"At the end of the day, each religion can be compared to other religions by virtue of the major truth claims each relgion makes. Two things emerge from such a comparison. First, all relgions are not the same and second, they cannot all be true."

Not so easy and perhaps impossible. In order to make a comparison, each person making that comparison has to start from some point and that point is going to be determined by a cultural, educational and psychological context that is likely to bias that comparison.

"Here is Greg's suggestion about how to think about competing religious truth claims. They can't all be true."

Just a thought guys - they can all be false.

Alan-
Well, some certainly can be false, but not all, in view of the law of the excluded middle. For instance, the competing religious claims that "pain and suffering are an illusion" and "pain and suffering are not an illusion" cannot both be false; neither can the competing claims that "God exists" and "God does not exist."

But I take your point - though I remind you that actually Greg was saying what he did in the context of the attempt to say that there fundamentally IS no conflict between competing religious claimns, that religious claims are not the kinds of things that are true of false. He was not saying at that point that his views are true, just that the idea that all religious claims could be simultanieously true is false.

Hi Aaron, I was thinking in terms of the sort of certainty that some Christians (or some adherents of most religions on Sol 3) profess. It is true that there is or isn't a God but it doesn't end there.

If one is inclined to hold that the "purpose" of religion is some combination of social control, existential comfort and a way for a minority class to support itself at the expense of the majority then the doctrinal truth claims are irrelevant. Some might be partially right, to a greater or lesser extent but that one is 100% correct is unlikely.

I remain agnostic to all possibilities that don't transgress the public square.

Alan said:

"We should resist interpreting a system in the terms of a competing system"

What is the source of the moral authority expressed in this statement?

Hi William, I guess my observation is just basic fairness; the sort of thing one learns on the playground, early in ones life, extrapolated into other areas because it seems to work.

We may well have a dispositional issue here. An external authority seems to be important to you; to me, not so much. I observe the social conservatism that says 'my religion is true, yours isn't" and it doesn't seem to make for a happy public square and conclude that our better angels often aren't involved in that debate.

A number of years ago I was browsing through the bookstore at the University of Hawaii and came across a passage observing that the average Hawaiian had a standard of living approximating the average European at the time Capt. Cook discovered the islands.

If a "personal God" is central to your life, is it any wonder that Buddhism falls short? Meanwhile the Buddhist or Hindu sees the concept of a personal God as strange at best and perhaps an indication of some psychological deficit. Meanwhile a Jew or Muslim looks at the Trinity and thinks "polytheism by any other name...", while many Christians, including some at STR, look at our Mormon fellow citizens and think "cultists".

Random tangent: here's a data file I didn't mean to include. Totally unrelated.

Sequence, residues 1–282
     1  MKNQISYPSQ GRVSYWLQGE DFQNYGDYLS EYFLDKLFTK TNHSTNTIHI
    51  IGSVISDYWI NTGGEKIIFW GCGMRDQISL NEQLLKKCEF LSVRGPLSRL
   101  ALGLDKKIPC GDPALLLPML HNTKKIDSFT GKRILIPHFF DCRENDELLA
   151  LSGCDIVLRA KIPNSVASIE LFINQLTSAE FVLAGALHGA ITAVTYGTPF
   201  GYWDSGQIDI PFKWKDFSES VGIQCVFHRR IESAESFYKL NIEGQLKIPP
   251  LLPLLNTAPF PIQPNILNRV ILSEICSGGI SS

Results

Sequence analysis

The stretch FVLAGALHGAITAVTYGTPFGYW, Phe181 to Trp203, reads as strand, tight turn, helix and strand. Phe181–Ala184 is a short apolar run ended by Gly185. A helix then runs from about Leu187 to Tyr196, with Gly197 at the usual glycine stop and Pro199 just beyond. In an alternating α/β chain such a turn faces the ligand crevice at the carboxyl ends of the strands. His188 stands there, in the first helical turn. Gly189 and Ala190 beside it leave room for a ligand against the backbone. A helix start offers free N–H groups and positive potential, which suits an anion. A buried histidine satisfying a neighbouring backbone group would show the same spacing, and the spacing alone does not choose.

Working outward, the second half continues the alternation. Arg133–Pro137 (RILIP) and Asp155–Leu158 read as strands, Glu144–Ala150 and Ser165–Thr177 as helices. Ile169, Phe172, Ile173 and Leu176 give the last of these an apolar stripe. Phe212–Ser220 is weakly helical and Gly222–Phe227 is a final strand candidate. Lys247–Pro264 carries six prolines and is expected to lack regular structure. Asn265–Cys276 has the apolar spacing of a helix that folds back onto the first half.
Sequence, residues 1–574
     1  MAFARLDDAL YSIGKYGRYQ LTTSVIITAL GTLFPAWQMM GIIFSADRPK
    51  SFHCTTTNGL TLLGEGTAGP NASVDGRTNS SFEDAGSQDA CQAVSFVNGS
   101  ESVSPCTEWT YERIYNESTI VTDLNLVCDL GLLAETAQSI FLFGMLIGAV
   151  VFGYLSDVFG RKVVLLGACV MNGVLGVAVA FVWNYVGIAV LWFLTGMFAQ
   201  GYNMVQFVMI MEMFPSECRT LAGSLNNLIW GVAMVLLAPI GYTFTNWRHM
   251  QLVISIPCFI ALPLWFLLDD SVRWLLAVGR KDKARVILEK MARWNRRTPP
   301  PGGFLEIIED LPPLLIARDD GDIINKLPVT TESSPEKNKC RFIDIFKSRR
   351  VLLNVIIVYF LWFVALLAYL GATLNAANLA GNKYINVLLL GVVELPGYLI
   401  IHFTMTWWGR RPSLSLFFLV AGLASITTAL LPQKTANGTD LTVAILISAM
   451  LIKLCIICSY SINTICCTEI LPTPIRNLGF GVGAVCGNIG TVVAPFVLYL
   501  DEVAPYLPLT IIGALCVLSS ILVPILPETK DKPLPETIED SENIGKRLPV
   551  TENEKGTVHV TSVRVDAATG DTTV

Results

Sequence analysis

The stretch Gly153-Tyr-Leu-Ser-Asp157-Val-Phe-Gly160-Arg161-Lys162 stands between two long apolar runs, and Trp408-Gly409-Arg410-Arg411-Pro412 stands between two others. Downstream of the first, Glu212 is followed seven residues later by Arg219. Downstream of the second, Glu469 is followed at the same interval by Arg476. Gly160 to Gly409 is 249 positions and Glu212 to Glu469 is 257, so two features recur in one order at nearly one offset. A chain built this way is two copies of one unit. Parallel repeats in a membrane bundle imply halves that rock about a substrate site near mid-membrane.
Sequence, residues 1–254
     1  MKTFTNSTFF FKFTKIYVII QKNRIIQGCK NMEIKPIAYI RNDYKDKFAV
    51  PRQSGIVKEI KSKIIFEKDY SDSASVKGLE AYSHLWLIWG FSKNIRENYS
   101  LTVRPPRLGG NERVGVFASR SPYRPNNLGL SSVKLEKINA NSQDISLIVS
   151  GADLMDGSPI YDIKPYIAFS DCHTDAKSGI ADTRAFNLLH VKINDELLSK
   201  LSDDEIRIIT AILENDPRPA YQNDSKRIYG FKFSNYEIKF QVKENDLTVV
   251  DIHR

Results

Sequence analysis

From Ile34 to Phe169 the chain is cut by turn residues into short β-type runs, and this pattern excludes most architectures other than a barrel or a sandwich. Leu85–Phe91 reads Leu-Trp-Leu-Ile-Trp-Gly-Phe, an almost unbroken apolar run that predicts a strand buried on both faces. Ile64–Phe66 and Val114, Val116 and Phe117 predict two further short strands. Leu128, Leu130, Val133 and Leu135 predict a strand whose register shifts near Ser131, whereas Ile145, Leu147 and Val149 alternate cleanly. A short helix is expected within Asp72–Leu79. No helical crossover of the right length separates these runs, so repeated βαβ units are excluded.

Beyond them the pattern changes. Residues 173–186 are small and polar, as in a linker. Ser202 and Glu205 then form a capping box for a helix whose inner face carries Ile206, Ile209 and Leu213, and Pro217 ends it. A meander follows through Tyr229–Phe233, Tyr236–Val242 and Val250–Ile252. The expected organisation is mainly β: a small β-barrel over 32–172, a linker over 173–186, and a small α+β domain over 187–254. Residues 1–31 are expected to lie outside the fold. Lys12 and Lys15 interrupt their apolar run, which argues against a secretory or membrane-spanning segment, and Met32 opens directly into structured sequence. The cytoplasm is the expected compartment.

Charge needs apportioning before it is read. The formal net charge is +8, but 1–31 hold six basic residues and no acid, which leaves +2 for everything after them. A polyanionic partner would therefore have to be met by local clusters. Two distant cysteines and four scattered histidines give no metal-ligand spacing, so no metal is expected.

I might be more open to the notion of an external moral authority, independent of rational observation, but our recent experience with that shows that it leads to despotism, fascism and unnecessary war.

"Some might be partially right, to a greater or lesser extent but that one is 100% correct is unlikely."
I am wondering Alan, does this include Christianity, or is it a statement about all other religions?

Alan,

So, if I understand you correctly, Alan Aronson's perception is the source of any moral authority or truth claims.

To what extent do you feel that it is appropriate to exercise or apply this moral authority over others?


You say: "I might be more open to the notion of an external moral authority, independent of rational observation, but our recent experience with that shows that it leads to despotism, fascism and unnecessary war."

I believe that this is a mis-statement of the problem. I think that, in fact, all human experience shows that despotism, war, oppression, greed, envy, lying etc. flow from Man's fallen nature.

In other words, you and I are always guilty of something and if we are honest we acknowledge it. Of course, often what we are guilty of is not being honest!

"I guess my observation is just basic fairness; the sort of thing one learns on the playground, early in ones life, extrapolated into other areas because it seems to work."

And why should I respect that as the moral rule? Why is "fairness" better than the alternative? Is it only because "it seems to work," or are there other reasons to follow that code? Many ruthless dictators followed a different ethic, and it "seemed to work" just fine for them.

"Many ruthless dictators followed a different ethic, and it "seemed to work" just fine for them."

Name one.

If things didn't work we wouldn't do them, would we? I think we may have a basic definition of sanity here. Paul, give it a try. If it doesn't work, I guess you'll need to find something that does. Read the life of your average dictator and read the bios of G. Washington and Cincinnatus and figure out who was together and who wasn't.

"To what extent do you feel that it is appropriate to exercise or apply this moral authority over others?"

Not appropriate at all as long as they don't try to ruin my country.

"I believe that this is a mis-statement of the problem. I think that, in fact, all human experience shows that despotism, war, oppression, greed, envy, lying etc. flow from Man's fallen nature."

I'll kind of agree William, although I don't buy the fallen nature thing. My concern though is our present problem and it is the direct result of the bloc voting patterns of folks commonly termed conservative Christians. Polls consistently show these folks are the among the most loyal supporters of a political party gone south (literally and figuratively); a party that has become a danger to freedom in the the United States and a bully to the rest of the world.